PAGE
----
More on Disability: New Welfare or New Unemployment Insurance?
1. The real cause of the increase in disability is a poor economy . . . andAn authoritative discussion of the increasing disability rolls comes from MIT economist David H. Autor.
2. That it’s substantially due to the declining health of the population, and particularly due to the fact that an aging population resulted in more Americans in the age range (50-64) where health problems are prevalent.
There is some validity to the claim that a poor economy leads to more people on disability. Quoting Autor:
The growth of the SSDI rolls is not solely due to changes in the program’s eligibility criteria, however. The labor market has played a key contributing role. Previous research has established that workers are most likely to apply for SSDI benefits following job loss, a fact underscored by the pronounced positive correlation between the national unemployment rate and the SSDI application rate. The secular decline in earnings and employment opportunities for U.S. workers with high school or lower education over the last three decades has also made SSDI an increasingly attractive option for job losers and long-term unemployed.However, as with everything else associated with the welfare state, when you reward dependency, you will get more dependent people:
As highlighted by Autor and Duggan (2003), the effective replacement rate of labor earnings with SSDI benefits has also risen in recent decades due both to the rising value of in-kind Medicare benefits and to a subtle interaction between the SSDI benefits formula and rising income inequality in the U.S. This interaction causes SSDI’s effective generosity for low-wage workers to rise as wages in the lower deciles of the distribution fall relative to the mean. Hence, absent any changes in the SSDI program, it is a near certainty that the deteriorating U.S. labor market for less educated workers would have caused SSDI applications to rise in recent decades. The Congressional liberalizations of the program enacted in 1984, however, allowed this surge in demand for benefits to translate into a substantial growth in the SSDI rolls.As for the argument that people are becoming less healthy, that seems to be without much merit:
2.2 The role of population health and agingThe bottom line here is not that having a social safety net is a bad idea. It’s that it’s a good idea with huge dangers attached. The welfare state tends to take on a momentum of its own, with ever increasing dependency. But simply having people dependent on government is not nearly so bad as an ethos of dependency, in which people come to think that, as a matter of right, they have a claim on a decent lifestyle, regardless of work or effort. Europe is far down that path, and we see the results.
The expanding size and cost of the SSDI program would not be inherently problematic if this expansion reflected a rising rate of disability among working-age adults and, moreover, if the program’s mounting expenditures enabled these individuals to maintain employment and self-sufficiency. Neither appears to be the case. Figure 6 shows that the fraction of middle-age adults reporting a disability has been roughly stable over the last two decades, averaging approximately 10 percent among both men and women.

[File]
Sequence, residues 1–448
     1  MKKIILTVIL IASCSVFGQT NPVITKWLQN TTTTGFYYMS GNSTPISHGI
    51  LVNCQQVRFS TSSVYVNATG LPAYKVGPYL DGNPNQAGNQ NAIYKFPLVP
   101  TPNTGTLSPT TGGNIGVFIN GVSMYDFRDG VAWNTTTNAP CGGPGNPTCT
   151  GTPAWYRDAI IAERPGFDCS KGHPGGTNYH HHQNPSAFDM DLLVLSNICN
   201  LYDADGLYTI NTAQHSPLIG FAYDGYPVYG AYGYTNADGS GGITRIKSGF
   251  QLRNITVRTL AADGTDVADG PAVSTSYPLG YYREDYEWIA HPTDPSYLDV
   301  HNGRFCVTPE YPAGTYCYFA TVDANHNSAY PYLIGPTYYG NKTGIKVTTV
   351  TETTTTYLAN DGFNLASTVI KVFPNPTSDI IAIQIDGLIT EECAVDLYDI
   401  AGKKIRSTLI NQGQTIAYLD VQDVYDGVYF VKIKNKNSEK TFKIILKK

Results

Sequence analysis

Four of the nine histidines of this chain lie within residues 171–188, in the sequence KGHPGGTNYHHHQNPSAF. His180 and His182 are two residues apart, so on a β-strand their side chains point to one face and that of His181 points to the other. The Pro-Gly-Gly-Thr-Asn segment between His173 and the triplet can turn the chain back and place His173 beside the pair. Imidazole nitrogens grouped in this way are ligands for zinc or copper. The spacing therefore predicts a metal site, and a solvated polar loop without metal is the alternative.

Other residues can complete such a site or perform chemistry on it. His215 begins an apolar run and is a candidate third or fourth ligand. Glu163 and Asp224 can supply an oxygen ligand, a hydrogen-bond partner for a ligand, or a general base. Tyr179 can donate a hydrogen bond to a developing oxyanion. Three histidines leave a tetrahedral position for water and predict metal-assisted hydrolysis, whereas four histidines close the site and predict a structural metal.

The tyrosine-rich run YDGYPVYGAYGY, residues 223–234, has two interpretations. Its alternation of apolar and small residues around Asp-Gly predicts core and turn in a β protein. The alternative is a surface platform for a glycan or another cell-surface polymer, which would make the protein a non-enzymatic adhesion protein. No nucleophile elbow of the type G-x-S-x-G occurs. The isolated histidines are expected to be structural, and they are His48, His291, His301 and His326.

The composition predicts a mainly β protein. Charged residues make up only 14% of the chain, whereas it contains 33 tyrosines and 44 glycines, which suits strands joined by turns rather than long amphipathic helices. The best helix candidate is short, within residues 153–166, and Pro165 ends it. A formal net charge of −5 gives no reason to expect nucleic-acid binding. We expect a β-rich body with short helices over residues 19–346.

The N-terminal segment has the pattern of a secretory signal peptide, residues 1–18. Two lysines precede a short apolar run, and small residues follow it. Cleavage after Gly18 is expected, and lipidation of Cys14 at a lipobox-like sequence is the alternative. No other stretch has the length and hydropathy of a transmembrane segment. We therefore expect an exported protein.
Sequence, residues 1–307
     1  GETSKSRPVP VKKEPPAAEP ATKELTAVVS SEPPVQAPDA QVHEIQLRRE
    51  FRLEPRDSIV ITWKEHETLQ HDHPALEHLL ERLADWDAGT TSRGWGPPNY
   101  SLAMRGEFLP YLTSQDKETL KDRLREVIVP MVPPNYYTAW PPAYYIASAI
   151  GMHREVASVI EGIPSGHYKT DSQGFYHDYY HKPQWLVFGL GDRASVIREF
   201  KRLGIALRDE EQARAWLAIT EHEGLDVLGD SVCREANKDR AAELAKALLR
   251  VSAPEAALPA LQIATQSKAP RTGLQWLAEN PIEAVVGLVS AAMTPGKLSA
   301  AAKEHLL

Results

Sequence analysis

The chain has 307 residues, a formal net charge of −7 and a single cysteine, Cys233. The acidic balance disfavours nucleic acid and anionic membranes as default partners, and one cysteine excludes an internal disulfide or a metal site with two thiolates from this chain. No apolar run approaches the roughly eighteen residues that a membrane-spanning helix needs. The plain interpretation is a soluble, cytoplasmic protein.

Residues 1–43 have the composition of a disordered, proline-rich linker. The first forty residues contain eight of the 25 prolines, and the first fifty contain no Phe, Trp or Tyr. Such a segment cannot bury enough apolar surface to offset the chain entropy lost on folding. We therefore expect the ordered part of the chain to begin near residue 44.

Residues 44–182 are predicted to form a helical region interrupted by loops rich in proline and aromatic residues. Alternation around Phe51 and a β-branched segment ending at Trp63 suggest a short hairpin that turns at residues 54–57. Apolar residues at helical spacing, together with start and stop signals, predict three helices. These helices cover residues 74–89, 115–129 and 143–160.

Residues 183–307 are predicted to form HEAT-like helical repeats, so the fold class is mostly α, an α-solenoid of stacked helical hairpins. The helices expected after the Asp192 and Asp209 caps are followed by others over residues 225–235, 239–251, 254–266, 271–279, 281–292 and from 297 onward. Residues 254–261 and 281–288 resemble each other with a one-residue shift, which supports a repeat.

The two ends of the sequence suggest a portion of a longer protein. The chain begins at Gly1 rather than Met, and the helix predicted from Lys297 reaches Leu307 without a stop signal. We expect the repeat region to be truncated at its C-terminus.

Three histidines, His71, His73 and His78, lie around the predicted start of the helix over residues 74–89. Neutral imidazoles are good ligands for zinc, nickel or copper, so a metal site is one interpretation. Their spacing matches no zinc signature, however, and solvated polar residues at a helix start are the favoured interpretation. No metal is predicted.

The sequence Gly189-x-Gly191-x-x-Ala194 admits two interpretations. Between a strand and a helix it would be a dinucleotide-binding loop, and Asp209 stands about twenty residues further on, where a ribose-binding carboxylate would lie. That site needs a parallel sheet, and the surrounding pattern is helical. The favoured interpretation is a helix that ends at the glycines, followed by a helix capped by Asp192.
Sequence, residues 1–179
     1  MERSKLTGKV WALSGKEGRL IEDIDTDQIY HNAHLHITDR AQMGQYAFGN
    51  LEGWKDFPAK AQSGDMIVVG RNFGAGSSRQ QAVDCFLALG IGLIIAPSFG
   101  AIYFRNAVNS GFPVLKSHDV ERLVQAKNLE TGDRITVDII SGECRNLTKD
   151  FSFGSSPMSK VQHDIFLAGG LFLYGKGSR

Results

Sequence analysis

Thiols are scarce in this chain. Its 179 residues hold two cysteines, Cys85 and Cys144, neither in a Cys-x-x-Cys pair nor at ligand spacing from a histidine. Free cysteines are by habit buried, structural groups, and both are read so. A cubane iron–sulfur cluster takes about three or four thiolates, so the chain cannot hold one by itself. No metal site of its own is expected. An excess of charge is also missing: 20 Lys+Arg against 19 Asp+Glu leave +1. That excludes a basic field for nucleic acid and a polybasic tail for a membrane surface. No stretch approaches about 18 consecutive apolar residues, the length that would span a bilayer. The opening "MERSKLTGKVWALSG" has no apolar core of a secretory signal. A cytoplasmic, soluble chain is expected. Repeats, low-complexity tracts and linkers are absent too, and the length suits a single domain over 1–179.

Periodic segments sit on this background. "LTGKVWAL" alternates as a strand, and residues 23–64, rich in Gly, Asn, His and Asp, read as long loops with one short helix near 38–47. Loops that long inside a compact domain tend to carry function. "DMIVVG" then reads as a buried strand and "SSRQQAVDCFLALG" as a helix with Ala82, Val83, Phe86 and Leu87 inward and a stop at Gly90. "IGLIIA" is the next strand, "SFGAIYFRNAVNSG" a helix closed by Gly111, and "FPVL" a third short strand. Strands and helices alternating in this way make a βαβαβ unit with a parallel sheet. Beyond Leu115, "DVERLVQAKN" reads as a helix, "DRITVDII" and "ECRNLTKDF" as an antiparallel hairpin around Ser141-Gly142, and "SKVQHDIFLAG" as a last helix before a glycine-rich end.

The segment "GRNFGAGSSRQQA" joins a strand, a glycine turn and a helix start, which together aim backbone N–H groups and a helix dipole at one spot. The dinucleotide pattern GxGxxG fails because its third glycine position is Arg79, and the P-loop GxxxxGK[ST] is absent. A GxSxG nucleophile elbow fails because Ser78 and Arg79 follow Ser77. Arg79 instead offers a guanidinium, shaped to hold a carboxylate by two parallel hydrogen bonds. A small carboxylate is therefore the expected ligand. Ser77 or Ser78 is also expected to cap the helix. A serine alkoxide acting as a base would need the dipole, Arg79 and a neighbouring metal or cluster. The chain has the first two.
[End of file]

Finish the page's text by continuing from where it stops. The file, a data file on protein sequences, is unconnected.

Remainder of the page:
Moreover, there is little evidence that the underlying health of the working-age population in the U.S. is deteriorating. For example, one of the most common and rapidly expanding diagnoses for individuals receiving SSDI awards is mental illness, which comprised more than 20 percent of SSDI awards in over the past decade. A recent study in the New England Journal of Medicine (Kessler et al. 2005) reports that the prevalence of mental disorders in the U.S. population was unchanged between 1990 and 2003. In the same interval, the rate of treatment of mental illness substantially increased—which in turn should have contributed to improved work-readiness among individuals coping with mental illness.
Using self-reported health data from the National Health Interview Survey, Duggan and Imberman (2008) find a substantial improvement between 1984 and 2004 in the average health of U.S. adults between the ages of 50 and 64. This age group is especially relevant because it accounted for 62 percent of all SSDI recipients in 2004. Reinforcing these conclusions, demographers Kenneth Manton and XiLiang Gu of Duke University (2001) find that the share of the population ages 65 and older suffering from a chronic disability fell by one-third between 1982 and 1999 (from 26.2 to 19.7 percent), with the largest drop between 1994 and 1999. In net, there is little reason to believe that the work capacity of adults with disabilities has declined in recent decades.
Perhaps surprisingly, the aging of the U.S. population—in particular, the passing of the baby boom generation into middle age—has made only a modest contribution so far to the growth of Disability Insurance. Calculations from Duggan and Imberman (2008) reveal that, holding age- specific rates of receipt of disability benefits at their 1984 base, the aging of the population between 1984 and 2004 explains only 6 percent of the increase in the fraction of non-elderly adults receiving Disability Insurance through 2004. The contribution of aging to program growth is numerically overwhelmed by the growth of SSDI recipients within given age groups.
We seem to be following, pushed along by elites who benefit from change.
The table below (from Autor) tells the story.